Agri Business

Systematic investment plan in farming yields fruits

A. J. Vinayak Mangalore | Updated on January 31, 2011

Sprinkler irrigated arecanut plantation of Mr Prabhakara Mayya at Nada village in Dakshina Kannada district. - A.J. Vinayak   -  Business Line

Does any farmer think about earning daily, weekly, monthly, quarterly, half-yearly, and yearly income from his field? A few may think so, if they have large chunk of land and enough manpower to do this.

Achieving this would have been ruled out if it was only six acres of dry land with minimum manpower. But not for Mr Prabhakara Mayya, a teacher-turned-farmer from Nada village in Belthangady taluk of Dakshina Kannada district.

The 40-year-old Mayya took farming on a dry land with minimum investment of 5 kg each of ginger and elephant yam 10 years ago. Now he grows paddy, vegetables, arecanut, coconut and cocoa; rears seven cows; collects honey from bee hives; gets manure from vermiculture in the backyard; and supplies fishes from the natural pond, earning a decent income on a periodic basis.

The planning, determination, and market intelligence of this farmer was visible when this reporter met him at his house at Nada recently.


As usual, the first question for him was about the investment in developing the land. Near zero, comes the reply from Mr Mayya, adding that 5 kg each of ginger and elephant were the initial investments in this land. In four years, he harvested around 50 quintals of them.

“I invested the money earned in ginger cultivation for digging borewell,” he says, pointing at the green stretch of various crops in his farms.

In the subsequent years, he planted arecanut, coconut, cocoa, teakwood and mahogany saplings in the field. Now his field consists of 1.5 acres of paddy, half acre of coconut, 2.5 acres of arecanut, and an acre of forest wood such as teakwood, mahogany, and cinnamon, among others. Half acre of land is exclusively earmarked for growing green fodder.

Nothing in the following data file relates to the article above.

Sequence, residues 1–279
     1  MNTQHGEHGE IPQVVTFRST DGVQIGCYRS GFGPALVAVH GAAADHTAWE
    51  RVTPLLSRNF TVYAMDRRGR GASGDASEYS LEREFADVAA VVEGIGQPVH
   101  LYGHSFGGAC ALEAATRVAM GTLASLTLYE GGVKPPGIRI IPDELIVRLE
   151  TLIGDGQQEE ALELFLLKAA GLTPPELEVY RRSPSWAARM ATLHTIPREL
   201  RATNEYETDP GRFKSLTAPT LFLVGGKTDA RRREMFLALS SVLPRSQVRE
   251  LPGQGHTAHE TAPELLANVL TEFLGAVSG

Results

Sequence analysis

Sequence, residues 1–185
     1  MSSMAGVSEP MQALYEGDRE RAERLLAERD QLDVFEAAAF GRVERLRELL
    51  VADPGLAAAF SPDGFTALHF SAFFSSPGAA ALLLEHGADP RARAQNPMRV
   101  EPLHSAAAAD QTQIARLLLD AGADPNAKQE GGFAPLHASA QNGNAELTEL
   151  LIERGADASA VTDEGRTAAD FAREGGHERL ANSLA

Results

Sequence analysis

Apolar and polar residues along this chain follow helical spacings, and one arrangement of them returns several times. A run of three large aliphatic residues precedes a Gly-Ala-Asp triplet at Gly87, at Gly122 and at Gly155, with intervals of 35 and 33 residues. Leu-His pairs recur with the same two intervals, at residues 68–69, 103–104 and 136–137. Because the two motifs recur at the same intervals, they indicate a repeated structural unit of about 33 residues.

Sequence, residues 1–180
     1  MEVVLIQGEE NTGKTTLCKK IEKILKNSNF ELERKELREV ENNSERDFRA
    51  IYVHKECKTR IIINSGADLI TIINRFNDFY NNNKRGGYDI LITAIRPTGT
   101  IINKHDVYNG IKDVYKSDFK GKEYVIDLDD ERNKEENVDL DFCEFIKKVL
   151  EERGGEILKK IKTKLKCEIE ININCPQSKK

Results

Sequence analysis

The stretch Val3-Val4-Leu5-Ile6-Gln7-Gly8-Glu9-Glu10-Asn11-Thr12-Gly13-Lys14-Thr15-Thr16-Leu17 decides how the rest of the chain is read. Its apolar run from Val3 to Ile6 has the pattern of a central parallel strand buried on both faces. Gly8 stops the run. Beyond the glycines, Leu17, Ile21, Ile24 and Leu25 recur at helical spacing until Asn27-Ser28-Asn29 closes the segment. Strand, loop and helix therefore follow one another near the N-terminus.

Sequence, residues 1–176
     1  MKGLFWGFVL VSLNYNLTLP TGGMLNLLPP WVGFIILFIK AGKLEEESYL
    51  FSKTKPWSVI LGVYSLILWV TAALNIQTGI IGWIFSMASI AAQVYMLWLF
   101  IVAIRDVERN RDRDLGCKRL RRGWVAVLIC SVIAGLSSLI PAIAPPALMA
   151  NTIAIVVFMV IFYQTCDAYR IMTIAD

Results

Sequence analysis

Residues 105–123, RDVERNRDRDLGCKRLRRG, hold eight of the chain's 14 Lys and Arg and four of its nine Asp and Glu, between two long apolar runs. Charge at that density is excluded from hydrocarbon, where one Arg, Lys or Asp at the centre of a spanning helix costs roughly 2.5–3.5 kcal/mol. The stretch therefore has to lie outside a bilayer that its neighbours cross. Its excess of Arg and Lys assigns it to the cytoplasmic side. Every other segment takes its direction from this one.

The main focus for him while venturing into agriculture was to put in place a periodic earning plan. Seven cows at home help his undivided family of nine people to earn daily income.

More than 100 vines of betel leaf help him earn the weekly income.

He is dependent on banana plants, organically grown vegetables and 70-odd coconut trees for monthly to quarterly income.

SRI method

Mr Mayya harvests nearly 20-22 quintals of paddy by implementing SRI (system of rice intensification) method for earning half-yearly income.

Crops such as arecanut, cocoa and pepper bring him the annual income from his field.

Keeping the long-term yield in mind, he has planted 150 teakwood and 250 mahogany plants.

The entire family involves itself in carrying out farming activities, he says with pride.


Showing different species of earthworms in the vermicompost tank, he says that this has helped him cultivate vegetables organically.

The gobar gas plant helps meet the entire fuel requirement of the family.

The compost prepared from the slurry and other bio-degradables has helped him save manure worth around Rs 60,000, he says.


Mr Mayya highlights the need for market intelligence to sell the commodity in the local market.

“I take vegetables to the local market on a periodic basis without any interruption. This ensures a ready base of customers for us. For arecanut, I sold in December at Rs 110 a kg when the arrivals were thin,” he adds.

Though being vegetarian, he uses the natural pond in his field for rearing fishes.

“I don't have to market this, as people come here to collect fishes from the pond,” he says indicating at the pond situated in the middle of the arecanut plantation.


Like a true entrepreneur, Mr Mayya has taken risk factors such as natural calamities and plant diseases into consideration while venturing into farming.

“By the grace of god, I did not face much problem in these areas. Any how, I have opted for crop insurance scheme of the Government to tide over any unforeseen problems,” he says with a smile.

Returns on investment

When wanted to know returns from near-zero investment, he said: “In the last two years, I earned an income of around Rs 1.5-2 lakh a year. I was able to save some amount out of this.”

Now if you think that SIP (systematic investment plan) works only in mutual funds, then you are wrong. The integrated farming method adopted by farmer like Mr Mayya could also help you reap good returns.

Published on January 30, 2011

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